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Visualization of the Day (#1): Mammal "Supertree"

chart-mammals.jpg An international team of researchers has produced a new family tree for mammals, showing relationships between different mammal groups and when they diverged from each other. According to Kate Jones, from the Zoological Society of London:
The [supertree] is a new way of showing all the mammal species on the planet, starting with a common ancestor. Species relationships can be inferred from morphological characteristics and genetic sequences.

If we had done this from scratch, we would have had to get molecular and morphological data for 4,000 different species.

What we did instead was use already published information from hundreds of researchers around the world. We used a new technique called supertree construction which allows us to get all the information that's out there, re-code it and re-analyse it as if it's all part of one dataset.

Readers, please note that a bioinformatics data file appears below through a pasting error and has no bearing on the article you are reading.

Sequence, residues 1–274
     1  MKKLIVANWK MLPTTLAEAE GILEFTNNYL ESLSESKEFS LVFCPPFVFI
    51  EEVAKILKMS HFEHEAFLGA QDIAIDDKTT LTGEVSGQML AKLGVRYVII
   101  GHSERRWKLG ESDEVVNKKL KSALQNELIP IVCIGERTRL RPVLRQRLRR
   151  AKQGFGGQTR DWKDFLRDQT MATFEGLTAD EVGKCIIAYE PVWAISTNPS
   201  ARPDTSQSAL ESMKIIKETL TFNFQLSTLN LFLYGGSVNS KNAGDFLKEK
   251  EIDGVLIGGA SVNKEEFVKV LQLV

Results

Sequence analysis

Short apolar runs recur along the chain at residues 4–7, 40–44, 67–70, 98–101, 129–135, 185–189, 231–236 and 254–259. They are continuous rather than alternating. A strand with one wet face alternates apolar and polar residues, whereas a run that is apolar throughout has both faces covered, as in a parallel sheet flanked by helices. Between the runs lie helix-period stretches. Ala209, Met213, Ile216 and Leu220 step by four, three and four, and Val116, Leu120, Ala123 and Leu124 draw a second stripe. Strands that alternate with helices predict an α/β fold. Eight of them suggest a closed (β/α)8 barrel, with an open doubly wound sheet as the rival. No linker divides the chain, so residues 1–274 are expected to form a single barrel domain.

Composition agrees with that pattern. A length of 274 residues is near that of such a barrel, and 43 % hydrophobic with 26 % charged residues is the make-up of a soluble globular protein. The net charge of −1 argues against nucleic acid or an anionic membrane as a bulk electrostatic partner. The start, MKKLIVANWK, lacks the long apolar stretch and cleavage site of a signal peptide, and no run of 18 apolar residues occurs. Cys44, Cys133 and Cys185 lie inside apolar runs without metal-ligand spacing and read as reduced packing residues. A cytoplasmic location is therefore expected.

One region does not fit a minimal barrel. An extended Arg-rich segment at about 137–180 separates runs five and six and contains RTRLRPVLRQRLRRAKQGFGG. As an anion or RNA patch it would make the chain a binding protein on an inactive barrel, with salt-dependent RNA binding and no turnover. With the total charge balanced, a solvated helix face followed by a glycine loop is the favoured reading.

The most surprising revelation to emerge from the project? Evidence that diversification of mammals may have occurred much earlier than previously thought:

Throughout the Cretaceous Period, when dinosaurs walked the Earth, mammals were relatively few in number, and were prevented from diversifying and evolving in ecosystems dominated by the ancient reptiles. [. . .] Under this model, placental mammals split into major sub-groupings, which originated and rapidly diversified after the mass extinction event - thought to have been caused by an asteroid or comet striking Earth 65 million years ago (a point in time recorded in rocks and referred to by geologists as the K-T boundary). [. . .] However, the supertree shows that the placental mammals had already split into these sub-groups by 93 million years ago, long before the space impact and at a time when dinosaurs still ruled the planet.

Mammal rise 'not linked' to dinos (BBC News)
Mammals Family Tree (1.6MB PDF)

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